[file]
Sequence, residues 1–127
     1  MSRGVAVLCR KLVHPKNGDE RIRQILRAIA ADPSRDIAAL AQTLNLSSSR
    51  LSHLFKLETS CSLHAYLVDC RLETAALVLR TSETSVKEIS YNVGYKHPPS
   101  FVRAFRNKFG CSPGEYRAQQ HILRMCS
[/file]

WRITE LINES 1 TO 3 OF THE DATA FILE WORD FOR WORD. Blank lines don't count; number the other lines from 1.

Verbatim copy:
Sequence, residues 1–127
     1  MSRGVAVLCR KLVHPKNGDE RIRQILRAIA ADPSRDIAAL AQTLNLSSSR
    51  LSHLFKLETS CSLHAYLVDC RLETAALVLR TSETSVKEIS YNVGYKHPPS